A Fanatic Heart: Selected Stories
by Edna O’Brien
Farrar, Straus and Giroux, 461 pp., $17.95
Hotel du Lac
by Anita Brookner
Pantheon, 184 pp., $13.95
A Fanatic Heart is a collection drawn from over a decade of Edna O’Brien’s career as a writer of short stories; it prints complete her 1981 volume Returning, only now published in the United States, as well as a “Quartet” of uncollected stories which appeared in The New Yorker between 1979 and 1981.
The book opens with the Returning stories, set in Ireland during the Forties and Fifties. Exile, if it is voluntary (and therefore reversible) and doesn’t involve the abandonment of a language—and moving from Ireland to London, though a somber step, doesn’t quite involve that—can be a good thing for a writer. Exile produces a transformation of values that otherwise only maturity could accomplish: the commonplace becomes exotic, the trivial fascinating, and poverty becomes a source of richness. Even experience reverts to its opposite; the wildest renegades of these stories have an innocence unnoticed by the communities they scandalize.
The Ireland of Edna O’Brien’s stories is a country where in midsummer the milk sours five hours after it has been put in the tanker; where a child’s tapeworm can be talked about for a week; where a girl in love with the nun who teaches her geometry has to ask her what color her hair is, never having seen it under her wimple; and where people’s dream house is identical with their own (that is, a twostory cement building), except that it has a tiny hall inside the front door, so that company can be vetted there, “instead of plunging straight into the kitchen.”
Thresholds are jealously guarded; one woman has never set foot inside anyone else’s front door. “She always washed outdoors at the rain barrel, and never called her husband anything but mister. Unpacking the groceries, she said that it was a pity to waste them on him, and the only indulgence she permitted herself was to smell the things, especially the packet of raspberry and custard biscuits.” The same thresholds, though, can act as prison gates, and nonconformers pay dear. A family whose unmarried daughter is pregnant spends a whole day cleaning oats from the sitting room, giving the whole house a spring-cleaning, so as to have a suitable setting for the scene in which they will force the guilty man to do the decent thing.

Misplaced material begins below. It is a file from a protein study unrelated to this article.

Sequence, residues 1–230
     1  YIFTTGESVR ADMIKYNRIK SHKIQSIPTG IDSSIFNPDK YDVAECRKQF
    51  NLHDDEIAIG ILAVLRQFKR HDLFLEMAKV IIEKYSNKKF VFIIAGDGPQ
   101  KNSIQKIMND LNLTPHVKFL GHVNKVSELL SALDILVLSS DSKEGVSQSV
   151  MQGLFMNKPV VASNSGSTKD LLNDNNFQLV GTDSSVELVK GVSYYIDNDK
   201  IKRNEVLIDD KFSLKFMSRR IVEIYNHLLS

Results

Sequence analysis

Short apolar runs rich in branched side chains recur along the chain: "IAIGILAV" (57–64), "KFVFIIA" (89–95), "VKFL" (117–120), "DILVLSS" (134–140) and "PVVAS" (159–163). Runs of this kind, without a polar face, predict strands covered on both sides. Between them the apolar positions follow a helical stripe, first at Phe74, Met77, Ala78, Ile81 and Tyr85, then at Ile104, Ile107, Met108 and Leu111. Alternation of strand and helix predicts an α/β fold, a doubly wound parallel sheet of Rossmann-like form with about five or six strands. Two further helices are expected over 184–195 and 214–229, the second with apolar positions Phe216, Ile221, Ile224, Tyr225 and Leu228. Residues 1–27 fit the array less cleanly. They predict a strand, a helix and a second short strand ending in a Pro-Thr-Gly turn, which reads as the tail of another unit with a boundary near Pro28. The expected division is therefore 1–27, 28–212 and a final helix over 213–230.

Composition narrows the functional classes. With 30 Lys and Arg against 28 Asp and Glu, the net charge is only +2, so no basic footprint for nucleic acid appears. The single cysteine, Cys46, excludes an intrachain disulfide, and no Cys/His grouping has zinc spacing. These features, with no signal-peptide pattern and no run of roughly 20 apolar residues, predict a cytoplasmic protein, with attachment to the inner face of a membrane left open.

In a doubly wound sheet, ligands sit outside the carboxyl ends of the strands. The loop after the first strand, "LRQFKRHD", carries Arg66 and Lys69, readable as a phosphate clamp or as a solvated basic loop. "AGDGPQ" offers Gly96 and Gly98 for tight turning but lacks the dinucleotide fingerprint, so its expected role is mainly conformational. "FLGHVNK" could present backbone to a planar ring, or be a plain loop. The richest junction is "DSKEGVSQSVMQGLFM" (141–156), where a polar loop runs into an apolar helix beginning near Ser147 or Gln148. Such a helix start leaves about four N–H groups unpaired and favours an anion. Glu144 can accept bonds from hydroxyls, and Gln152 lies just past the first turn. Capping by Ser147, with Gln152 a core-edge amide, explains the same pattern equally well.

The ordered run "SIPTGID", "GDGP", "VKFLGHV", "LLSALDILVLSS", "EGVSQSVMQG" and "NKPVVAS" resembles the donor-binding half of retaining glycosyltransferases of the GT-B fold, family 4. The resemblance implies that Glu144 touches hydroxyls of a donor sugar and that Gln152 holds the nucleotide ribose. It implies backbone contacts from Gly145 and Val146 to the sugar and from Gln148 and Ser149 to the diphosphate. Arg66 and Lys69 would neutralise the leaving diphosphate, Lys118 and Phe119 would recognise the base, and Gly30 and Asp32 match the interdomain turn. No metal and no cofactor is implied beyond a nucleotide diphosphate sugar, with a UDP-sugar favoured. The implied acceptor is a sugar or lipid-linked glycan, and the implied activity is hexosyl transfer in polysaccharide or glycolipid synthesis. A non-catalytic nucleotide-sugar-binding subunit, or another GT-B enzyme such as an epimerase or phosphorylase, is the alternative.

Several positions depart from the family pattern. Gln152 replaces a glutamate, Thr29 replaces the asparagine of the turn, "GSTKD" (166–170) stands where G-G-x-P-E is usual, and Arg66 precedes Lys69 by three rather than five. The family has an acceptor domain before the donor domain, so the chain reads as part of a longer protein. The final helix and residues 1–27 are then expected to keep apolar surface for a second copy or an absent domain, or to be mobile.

The rules are strict. Women are meant for marriage and for nothing else; the local women wear no cosmetics, and the jars of cold cream and vanishing cream go dry on the chemist’s shelves for lack of demand. The women read about fashions in magazines, but style remains something applied to the outside of a woman, under which she is unchanged. A local vamp has “an attaché case full of style,” but she will need more than that to escape.
These stories reveal a particular sympathy for internal exiles, the casualties of convention, but at their best the stories themselves are impersonal. The central character is usually …